Animal poisons are considered as the organic irritant poisons. A number of animals present in nature are poisonous which possess toxic substances in them for their self defense from the predators. The poisons present in such animals is a result of natural selection for their survival. There are certain animal species which possess the toxin named ‘venom’.

The animal poison and venom are both toxic in nature and rich source of proteins, neurotransmitters, peptides, etc. among other organic compounds. Both are considered as zootoxins and can induce major damages to the prey’s/predator’s body. This is one of the mechanisms to kill their prey or predators.

Animal Poison & Venom

Animal poison and venom though have similar effects of killing but still are different because of their toxin delivery methods. Animal poisons are produced by the specialized cells or tissues of the animals which cause toxicity in the predators when they are ingested (such as cantharides, few amphibians, etc.), while venoms are secreted by dedicated glands of such animals and injected into the prey or predator through specialized apparatuses like fangs, stings, teeth, etc. via a process called envenomation (snakes, jellyfish, scorpions, etc.).

According to a study by Rusell in 2011, there are about 400 species of venomous snakes, around 1500 toxic marine animal species and n number of poisonous or venomous anthropods across the world.

Examples of poisonous animals are:

  • Microciona Prolifera (sea moss)
  • Leptoplana Tremellaris (flatworm)
  • Cantharis Vesicatoria (blister beetles)
  • Millipedes
  • Petromyzon Marinus (sea lamprey)
  • Rypticus Saponaceus (sopa fish)
  • Salamandra Salamandra (fire salamander)
  • Toads
  • Frogs and Tree Frogs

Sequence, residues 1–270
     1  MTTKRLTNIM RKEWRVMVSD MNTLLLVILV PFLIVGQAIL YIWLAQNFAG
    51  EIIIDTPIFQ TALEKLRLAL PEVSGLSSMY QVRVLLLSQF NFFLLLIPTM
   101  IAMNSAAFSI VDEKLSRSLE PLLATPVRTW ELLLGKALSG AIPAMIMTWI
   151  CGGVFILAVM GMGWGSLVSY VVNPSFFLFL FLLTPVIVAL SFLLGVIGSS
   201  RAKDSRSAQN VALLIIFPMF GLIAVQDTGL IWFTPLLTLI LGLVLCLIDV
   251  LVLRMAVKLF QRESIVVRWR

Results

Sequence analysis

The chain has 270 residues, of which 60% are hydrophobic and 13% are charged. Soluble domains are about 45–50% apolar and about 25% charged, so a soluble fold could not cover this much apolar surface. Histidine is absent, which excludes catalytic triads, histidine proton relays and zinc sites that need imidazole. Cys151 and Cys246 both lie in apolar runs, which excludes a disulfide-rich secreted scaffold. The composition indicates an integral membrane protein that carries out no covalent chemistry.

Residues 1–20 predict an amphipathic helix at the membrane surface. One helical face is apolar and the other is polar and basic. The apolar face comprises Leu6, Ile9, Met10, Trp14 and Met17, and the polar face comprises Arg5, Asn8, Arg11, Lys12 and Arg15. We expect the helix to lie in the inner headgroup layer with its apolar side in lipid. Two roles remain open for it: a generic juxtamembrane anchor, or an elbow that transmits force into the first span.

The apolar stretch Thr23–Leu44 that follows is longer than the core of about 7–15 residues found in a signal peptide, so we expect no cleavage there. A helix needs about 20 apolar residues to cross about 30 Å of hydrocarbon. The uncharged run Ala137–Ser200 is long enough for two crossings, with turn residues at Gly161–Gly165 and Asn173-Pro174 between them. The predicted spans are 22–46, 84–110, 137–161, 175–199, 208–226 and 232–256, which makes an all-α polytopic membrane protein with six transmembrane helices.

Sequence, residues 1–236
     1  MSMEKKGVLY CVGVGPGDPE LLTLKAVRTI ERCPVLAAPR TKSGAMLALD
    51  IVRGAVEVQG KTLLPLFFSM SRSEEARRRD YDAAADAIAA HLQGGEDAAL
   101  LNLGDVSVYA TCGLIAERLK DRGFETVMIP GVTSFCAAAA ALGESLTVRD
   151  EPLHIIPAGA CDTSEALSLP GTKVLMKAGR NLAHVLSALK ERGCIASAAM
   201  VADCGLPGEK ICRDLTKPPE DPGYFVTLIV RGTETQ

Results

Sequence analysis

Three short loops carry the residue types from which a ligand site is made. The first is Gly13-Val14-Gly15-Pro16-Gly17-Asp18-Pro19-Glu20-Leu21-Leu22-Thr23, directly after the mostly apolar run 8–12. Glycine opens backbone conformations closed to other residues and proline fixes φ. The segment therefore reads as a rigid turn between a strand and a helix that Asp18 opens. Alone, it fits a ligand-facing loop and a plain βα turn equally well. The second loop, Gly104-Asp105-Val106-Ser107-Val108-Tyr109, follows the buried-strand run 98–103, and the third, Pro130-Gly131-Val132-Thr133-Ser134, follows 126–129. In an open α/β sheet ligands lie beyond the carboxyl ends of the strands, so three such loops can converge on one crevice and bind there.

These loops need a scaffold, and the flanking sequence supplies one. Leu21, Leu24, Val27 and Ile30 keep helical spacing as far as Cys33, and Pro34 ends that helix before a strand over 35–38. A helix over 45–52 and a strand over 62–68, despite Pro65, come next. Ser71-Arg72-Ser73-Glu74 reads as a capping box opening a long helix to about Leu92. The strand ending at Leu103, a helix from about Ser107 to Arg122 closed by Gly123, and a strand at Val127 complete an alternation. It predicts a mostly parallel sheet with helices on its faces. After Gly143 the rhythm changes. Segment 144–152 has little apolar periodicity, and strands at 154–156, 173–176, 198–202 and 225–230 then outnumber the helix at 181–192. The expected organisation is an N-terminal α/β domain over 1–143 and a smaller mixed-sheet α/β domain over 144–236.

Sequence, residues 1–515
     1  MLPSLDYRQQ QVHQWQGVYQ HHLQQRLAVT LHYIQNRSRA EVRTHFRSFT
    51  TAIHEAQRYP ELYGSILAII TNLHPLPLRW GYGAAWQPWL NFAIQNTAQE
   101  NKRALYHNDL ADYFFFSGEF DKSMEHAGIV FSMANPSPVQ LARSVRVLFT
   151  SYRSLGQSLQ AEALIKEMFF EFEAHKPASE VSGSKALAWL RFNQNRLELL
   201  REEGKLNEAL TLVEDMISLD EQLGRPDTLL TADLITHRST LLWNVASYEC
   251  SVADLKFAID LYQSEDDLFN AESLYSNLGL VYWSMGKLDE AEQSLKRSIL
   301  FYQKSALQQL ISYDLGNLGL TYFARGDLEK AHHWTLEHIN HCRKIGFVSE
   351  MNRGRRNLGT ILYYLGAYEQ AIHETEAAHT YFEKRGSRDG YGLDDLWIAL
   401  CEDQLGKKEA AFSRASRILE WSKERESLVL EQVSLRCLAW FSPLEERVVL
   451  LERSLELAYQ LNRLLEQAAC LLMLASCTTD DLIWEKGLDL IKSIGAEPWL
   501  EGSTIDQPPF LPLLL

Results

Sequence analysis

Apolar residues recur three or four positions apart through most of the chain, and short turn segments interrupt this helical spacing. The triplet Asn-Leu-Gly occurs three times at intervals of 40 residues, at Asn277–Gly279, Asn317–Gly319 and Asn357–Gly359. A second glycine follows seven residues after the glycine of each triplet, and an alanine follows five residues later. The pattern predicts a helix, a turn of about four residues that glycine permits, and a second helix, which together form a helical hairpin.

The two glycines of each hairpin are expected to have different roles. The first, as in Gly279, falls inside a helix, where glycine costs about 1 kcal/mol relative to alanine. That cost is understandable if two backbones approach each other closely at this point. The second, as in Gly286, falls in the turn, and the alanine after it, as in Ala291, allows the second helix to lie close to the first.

• Eretmochelys Imbricata (hawksbill turtle)
  • Balaenopters Borealis (sei whale)
  • Thalarctos Maritimus (polar bear)

Examples of venomous animals:

  • Physalia Species (portuguese-man-of war)
  • Chironex Fleckeri (sea wasp)
  • Actinia Equina (sea anemone)
  • Conus Species (cone shells)
  • Octopus Maculous (spotted octopus)
  • Triatoma Species (kissing bugs)
  • Megalopyge Species (puss caterpillar)
  • Apis Species (honey bees)
  • Scolopendra Species (centipedes)
  • Loxosceles Species (black widow spider)
  • Scorpions 
  • Acanthaster Planci (Crown-of-thorns starfish)
  • Diadema Setosum (long-spined sea urchin)
  • Dasyatis Species (stingray)
  • Scorpaena Species (scorpion fish)
  • Snake Species (cobra, krait, viper)

Effects of Venom on Humans

  • Neurotoxic Effects– Venom affects the central nervous system where they interfere with the activity of ionic channels. Example of these venoms include scorpions, black-widow spider, octopus, centipedes, etc.
  • Necrotoxic Effects– Necrosis is induced in the cells which come in contact with the venom. Example of this venom include viper snake.
  • Cytotoxic Effects– The cells are killed by the components of venom. Example of this venom include honey bees, black-widow spiders, etc.
  • Myotoxic Effects – The venom binds with the muscle receptors and damages them. Example of this type of venomous animals include rattlesnake, lizards, etc.
  • Haemotoxic Effects– The blood vessels as well as the red blood cells are damaged by the venom components. Example of such animals include pit vipers.

The most common poisonous animals encountered are the cantharides, snakes and scorpions. 


Cantharides or spanish fly which are one of the poisonous arthropods commonly found in every environment. They are also known as blister beetles because the active principle of these insects called cantharidin causes blisters on the skin.